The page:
CLEARWATER — Too many chiefs, not enough Indians. That's been the rap on the Clearwater Fire Department for years.
The city's firefighters union and others have repeatedly asked: Does Clearwater have too many assistant fire chiefs and division fire chiefs?
It turns out that the answer is no, there aren't too many — at least, that's the conclusion of consultants the city hired to examine its fire rescue operations.
"You've got a highly efficient, well-managed operation in the Clearwater Fire Department," consultant Travis Miller told the City Council on Thursday night.
The firefighters union still begs to differ.
Miller is a vice president with Matrix Consulting Group, the same firm that analyzed Clearwater's Police Department last year and suggested a million dollars in budget cuts.
This time around, the analysts found fewer obvious ways to save at the Fire Department. Their message to officials was this: Cut too deep, and you'll slow down emergency responses.
They didn't recommend cutting any positions. However, in a pinch, they did outline a couple of ways that the city could function with slightly fewer paramedics and firefighters on duty. Those cutbacks would save up to $616,000 a year.
The consultant's study cost $89,000.
After hearing the message that the Fire Department is well-managed, City Council members asked questions about Matrix Consulting's qualifications. They sought to assure Clearwater residents that the consultant's report is an unbiased, independent, expert opinion.
That's because the city's management has long been at odds with the firefighters union over pay and other issues.
The union has won a number of grievances protesting unfair labor practices by the city. Union members recently rejected the city's latest contract offer.
Union president Gerard Devivo said Clearwater should still look at cutting fire administration before reducing the number of firefighters or medics. He noted that Clearwater has 15 fire chiefs, while St. Petersburg, a bigger city, has 12.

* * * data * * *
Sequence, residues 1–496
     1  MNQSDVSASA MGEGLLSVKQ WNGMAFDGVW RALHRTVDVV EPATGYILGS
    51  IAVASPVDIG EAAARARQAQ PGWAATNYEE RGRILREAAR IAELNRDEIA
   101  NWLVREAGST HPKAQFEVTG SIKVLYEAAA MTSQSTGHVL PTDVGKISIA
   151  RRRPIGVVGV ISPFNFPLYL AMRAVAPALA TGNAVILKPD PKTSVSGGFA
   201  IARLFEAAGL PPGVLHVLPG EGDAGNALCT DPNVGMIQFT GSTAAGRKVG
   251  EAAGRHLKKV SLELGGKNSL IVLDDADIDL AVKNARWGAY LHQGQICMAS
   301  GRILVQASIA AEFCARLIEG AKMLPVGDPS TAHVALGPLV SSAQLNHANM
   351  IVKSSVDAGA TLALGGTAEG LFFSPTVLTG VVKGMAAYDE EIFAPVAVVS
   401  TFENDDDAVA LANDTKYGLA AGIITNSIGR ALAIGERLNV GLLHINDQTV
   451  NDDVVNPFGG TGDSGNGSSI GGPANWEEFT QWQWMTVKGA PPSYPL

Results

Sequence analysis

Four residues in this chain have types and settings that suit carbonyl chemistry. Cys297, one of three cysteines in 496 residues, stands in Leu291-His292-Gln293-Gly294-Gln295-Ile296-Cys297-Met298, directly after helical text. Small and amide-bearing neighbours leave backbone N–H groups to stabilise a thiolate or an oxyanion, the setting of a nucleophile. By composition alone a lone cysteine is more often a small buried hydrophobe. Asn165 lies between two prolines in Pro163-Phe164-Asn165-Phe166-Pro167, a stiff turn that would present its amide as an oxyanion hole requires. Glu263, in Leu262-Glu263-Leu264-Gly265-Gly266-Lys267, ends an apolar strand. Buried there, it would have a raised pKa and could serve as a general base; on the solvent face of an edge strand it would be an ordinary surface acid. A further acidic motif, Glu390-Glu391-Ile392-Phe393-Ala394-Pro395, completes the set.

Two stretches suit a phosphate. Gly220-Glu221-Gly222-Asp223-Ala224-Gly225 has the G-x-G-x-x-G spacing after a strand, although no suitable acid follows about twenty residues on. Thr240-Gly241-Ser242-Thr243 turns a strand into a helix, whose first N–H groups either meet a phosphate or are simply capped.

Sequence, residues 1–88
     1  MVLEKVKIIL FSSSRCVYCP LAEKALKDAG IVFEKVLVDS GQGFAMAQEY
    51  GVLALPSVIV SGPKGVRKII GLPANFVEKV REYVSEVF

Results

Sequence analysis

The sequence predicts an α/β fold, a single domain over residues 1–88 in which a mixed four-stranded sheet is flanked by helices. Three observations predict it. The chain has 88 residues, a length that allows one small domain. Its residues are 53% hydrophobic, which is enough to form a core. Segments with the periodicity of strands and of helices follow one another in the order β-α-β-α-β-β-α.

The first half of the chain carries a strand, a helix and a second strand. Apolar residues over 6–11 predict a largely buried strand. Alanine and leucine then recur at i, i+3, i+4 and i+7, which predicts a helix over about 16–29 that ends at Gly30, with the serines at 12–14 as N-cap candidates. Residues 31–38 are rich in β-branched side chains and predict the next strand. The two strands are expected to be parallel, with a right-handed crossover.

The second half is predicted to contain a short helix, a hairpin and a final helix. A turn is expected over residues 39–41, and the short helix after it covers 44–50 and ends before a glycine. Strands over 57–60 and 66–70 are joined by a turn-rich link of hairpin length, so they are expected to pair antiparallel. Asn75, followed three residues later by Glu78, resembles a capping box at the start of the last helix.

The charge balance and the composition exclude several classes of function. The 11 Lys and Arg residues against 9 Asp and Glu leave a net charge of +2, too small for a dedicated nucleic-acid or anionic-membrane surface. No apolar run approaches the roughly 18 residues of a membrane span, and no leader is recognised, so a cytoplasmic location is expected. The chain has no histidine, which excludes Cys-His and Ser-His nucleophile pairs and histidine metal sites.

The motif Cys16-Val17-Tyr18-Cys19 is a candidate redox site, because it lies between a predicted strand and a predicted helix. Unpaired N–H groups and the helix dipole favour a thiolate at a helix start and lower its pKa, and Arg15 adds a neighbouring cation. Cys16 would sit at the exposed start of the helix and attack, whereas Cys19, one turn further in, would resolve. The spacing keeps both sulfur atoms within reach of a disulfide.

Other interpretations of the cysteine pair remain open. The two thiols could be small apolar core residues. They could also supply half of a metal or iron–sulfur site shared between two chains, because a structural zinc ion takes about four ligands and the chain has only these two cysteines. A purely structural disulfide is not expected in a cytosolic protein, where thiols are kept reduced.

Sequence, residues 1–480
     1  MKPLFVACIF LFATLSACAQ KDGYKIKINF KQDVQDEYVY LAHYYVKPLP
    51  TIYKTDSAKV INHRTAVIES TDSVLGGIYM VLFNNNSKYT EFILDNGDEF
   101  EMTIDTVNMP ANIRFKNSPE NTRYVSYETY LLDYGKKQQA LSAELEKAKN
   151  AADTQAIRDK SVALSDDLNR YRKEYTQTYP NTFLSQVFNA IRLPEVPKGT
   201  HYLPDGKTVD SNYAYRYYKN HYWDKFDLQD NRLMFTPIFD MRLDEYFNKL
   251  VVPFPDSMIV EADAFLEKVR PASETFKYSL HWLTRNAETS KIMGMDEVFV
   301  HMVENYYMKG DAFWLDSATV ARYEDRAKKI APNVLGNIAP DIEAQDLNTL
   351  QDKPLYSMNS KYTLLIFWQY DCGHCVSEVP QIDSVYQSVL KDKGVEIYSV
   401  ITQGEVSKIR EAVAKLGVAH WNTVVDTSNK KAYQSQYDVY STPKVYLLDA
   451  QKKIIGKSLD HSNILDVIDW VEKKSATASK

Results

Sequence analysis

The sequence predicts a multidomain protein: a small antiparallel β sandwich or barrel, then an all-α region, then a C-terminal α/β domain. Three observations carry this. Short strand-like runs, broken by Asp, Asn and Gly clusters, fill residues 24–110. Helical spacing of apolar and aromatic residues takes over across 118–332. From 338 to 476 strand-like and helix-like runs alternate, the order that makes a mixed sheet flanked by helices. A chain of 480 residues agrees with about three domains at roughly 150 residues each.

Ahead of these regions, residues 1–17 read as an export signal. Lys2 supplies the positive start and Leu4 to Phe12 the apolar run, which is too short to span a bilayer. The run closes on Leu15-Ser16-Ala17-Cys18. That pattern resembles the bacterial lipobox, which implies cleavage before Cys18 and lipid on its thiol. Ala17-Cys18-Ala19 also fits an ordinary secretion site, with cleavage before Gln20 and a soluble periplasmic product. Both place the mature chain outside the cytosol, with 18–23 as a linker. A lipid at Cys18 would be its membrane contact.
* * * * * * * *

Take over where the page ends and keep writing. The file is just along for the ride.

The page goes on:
Fire Chief Jamie Geer and the consultant, Miller, said some assistant chiefs in Clearwater perform the same functions that supervisors with different titles, such as captain, do in other departments.
"It doesn't mean you have too many supervisors and managers," Miller told City Council members. "It just means they like to use the word 'chief.' … You do not have too many chiefs."
Clearwater has eight fire stations. They house eight fire engines, six rescue units and two ladder trucks.
Consultants said the city could reduce the number of firefighters on its ladder trucks from four to three, saving $486,000 a year.
The city also could replace some paramedics with emergency medical technicians, who have less training. Here's how that would shake out:
All six of the rescue units have two paramedics on board. That wouldn't change.
Five of the fire engines carry one paramedic each and provide what's called "advanced life support." The other three engines carry EMTs who provide basic life support.
The consultants said the city could put EMTs, instead of paramedics, on three more engines — at Station 45 downtown, Station 48 near the Long Center and Station 49 behind Clearwater Mall. (Each of those stations also has a rescue unit.)
The cuts — involving ladder trucks and paramedics — would amount to $616,000 a year, but city officials didn't embrace them.
City Manager Bill Horne said he'll look at the potential savings when proposing next year's budget. Clearwater faces a $9 million budget shortfall.
"Right now, my sense is there's probably a lot of support for not doing those things," Horne said. "But I wouldn't take them off the table."
Mike Brassfield can be reached at firstname.lastname@example.org or (727) 445-4160.